About the health effects of saturated fat: I have not done a thorough review of the literature; there are tons of studies, some poorly done, and it would take way too much time and be too boring for me to review it all. However, I am concerned about my health so I did a little digging in the literature on saturated fat.
My point of view going in is that as a food lover, I love my dietary sources of sat fat, so I hope they’re good for me. I’d like to believe books like Nourishing Traditions but the standards for evidence of causation there is very poor.
Well, my quick view of some literature leads me to believe that a diet high in saturated fat increases the risk of heart disease, and increases LDL which in turn increases the risk of heart disease. There might have been a few other negative effects I read about, I don’t remember. My take-home for me is to limit the saturated fat in my own diet.
Heart disease is rampant in my family; my father died of sudden heart failure at age 67 after a lifetime diet high in sat fat, including a nightly monster dish of ice cream.
Berardi, who, with a PhD in the area and what seems to be a comprehensive knowledge of the fat literature, recommends 1/3 of fat calories from saturated fat, which seems reasonable and doable and not at all paranoid or extreme (as opposed to Ornish, for example). This is what I aim for and hope for the best while I pour cream into my coffee each morning.
I hope that if there are benefits of saturated fat, this amount would provide them. But based on the heart disease research, I no longer feel I can slather butter all over everything. (Sadly.)
Someone in this thread claimed that all the studies vilifying saturated fat were poorly controlled, but this is not true. There are plenty of multifactorial studies which look at the effects of saturated fat independently from other known risk factors for heart disease, for example. Scientists are not all biased idiots; they do know how to isolate effects of different factors with multifactorial regression.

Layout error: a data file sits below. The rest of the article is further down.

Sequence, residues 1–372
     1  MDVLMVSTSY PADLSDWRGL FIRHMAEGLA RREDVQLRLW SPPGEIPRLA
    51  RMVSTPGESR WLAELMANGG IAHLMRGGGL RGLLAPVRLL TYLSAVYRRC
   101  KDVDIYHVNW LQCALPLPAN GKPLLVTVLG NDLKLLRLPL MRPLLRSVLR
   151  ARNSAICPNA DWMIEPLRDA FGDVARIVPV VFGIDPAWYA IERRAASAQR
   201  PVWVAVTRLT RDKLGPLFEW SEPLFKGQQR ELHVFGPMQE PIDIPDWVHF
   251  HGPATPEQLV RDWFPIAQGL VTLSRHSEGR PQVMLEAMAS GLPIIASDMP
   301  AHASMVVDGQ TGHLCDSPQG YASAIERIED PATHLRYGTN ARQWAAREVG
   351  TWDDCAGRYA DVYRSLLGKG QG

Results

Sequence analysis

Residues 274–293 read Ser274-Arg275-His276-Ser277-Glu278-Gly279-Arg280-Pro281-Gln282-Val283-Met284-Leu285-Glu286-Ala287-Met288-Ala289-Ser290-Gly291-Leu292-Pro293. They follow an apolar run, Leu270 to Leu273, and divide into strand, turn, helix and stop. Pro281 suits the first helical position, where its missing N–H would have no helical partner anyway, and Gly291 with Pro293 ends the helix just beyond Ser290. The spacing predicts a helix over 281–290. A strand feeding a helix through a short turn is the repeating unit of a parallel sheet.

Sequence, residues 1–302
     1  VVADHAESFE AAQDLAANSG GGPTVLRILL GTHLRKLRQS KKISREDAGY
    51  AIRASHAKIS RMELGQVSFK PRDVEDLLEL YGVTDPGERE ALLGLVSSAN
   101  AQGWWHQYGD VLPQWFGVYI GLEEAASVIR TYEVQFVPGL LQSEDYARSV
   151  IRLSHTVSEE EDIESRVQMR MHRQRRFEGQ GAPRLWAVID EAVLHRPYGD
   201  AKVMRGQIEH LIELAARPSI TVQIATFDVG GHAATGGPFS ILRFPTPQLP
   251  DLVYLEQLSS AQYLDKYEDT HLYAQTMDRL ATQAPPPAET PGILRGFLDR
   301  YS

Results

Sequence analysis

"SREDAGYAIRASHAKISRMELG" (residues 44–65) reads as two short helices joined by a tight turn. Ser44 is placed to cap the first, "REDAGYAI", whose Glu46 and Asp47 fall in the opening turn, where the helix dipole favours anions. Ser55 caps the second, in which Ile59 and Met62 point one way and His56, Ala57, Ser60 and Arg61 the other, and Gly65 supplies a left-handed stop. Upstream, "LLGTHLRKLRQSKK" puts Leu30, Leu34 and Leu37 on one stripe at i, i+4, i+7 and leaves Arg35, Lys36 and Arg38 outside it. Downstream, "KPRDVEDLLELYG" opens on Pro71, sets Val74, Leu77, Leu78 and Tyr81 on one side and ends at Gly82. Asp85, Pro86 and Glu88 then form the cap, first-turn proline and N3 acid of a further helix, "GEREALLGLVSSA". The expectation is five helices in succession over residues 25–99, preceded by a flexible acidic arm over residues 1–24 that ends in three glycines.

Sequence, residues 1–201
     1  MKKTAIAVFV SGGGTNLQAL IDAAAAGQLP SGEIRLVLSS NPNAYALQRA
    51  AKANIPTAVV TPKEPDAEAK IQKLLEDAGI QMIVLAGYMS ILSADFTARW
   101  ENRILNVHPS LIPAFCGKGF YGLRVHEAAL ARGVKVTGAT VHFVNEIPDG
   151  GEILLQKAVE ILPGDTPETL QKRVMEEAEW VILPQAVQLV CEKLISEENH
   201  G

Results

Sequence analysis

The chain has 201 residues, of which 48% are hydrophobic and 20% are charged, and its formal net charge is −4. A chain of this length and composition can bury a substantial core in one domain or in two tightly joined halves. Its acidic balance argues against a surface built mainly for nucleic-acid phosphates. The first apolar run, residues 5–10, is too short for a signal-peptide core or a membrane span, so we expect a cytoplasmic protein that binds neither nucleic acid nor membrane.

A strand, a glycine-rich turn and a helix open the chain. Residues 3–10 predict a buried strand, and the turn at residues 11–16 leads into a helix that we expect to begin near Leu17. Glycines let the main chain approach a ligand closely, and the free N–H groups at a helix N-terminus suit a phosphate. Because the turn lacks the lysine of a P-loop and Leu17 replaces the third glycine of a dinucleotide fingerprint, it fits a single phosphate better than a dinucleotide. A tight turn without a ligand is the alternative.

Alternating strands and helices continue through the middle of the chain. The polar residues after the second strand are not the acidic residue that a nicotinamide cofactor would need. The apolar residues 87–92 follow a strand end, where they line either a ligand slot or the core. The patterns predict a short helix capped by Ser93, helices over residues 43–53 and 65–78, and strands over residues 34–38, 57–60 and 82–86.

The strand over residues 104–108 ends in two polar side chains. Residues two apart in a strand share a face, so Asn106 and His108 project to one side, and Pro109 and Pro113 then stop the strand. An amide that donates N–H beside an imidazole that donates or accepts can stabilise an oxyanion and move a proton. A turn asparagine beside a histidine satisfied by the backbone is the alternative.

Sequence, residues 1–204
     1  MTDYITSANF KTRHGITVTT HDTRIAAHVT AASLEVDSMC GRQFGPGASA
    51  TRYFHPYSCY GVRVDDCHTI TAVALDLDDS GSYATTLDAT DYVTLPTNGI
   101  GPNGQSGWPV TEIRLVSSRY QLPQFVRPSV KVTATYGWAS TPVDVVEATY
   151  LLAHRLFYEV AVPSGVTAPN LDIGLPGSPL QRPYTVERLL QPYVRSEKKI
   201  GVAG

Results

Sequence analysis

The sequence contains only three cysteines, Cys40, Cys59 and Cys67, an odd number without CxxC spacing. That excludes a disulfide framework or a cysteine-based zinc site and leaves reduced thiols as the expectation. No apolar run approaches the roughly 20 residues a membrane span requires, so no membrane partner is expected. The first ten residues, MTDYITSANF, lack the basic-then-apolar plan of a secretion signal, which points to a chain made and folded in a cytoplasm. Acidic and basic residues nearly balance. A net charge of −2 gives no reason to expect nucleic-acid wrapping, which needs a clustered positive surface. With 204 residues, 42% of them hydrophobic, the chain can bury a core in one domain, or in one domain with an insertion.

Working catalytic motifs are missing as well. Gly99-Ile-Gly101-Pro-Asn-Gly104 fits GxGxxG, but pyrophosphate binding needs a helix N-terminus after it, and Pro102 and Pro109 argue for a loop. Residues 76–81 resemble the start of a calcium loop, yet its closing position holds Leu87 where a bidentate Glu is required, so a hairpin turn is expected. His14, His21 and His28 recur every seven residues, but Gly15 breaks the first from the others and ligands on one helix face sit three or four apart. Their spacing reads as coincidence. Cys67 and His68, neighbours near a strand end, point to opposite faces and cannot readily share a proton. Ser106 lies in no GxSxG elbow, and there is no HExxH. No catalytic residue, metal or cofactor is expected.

The superiority of pasture-fed animals (assuming this is well supported) doesn’t argue for the safety of saturated fat either. Animals that eat grass have lower levels of saturated fat in their meat.
Nor am I convinced that the bulk of fat research must be wrong because of Masai herdsmen or hunter-gatherer ancestors or whatever. First of all, how carefully has the diet of those groups been quantified? How do you KNOW how much saturated fat they were eating? Dead animals are not all automatically full of saturated fat. I have been eating venison and believe me the stuff has almost no fat.
Even with farm-raised animals, the saturated fat content in the meat can be low depending on what they eat. Second, even if, say the Masai ate lots of saturated fat and had low rates of heart disease, that doesn’t mean saturated fat is GOOD. The sat fat may exert negative effects on their cardiovascular systems, but other factors in their diet and lifestyle may exert good effects that offset the negative. This is a more likely explanation, given other observations about saturated fat.
There may indeed be other factors that mitigate negative effects of high amounts of saturated fat. For example, a current research hypothesis with some support that’s based on the “French paradox” (lower heart disease rates in France despite higher levels of sat fat) is that the resveratrol in red wine reduces blood levels of artery-clogging fats in the hours after the high-fat meal. But until this kind of research is mature, I won’t personally be chugging down artery-clogging meals high in saturated fat on a regular basis.
Because of the literature that does exist, though, and because I don’t have the genes or complete dietary and lifestyle habits of Masai herdsmen or hunter-gatherers, or even the French, I cut back on saturated fat in my own diet, but did not eliminate it altogether. This seemed like the safest and most reasonable approach based on the available evidence.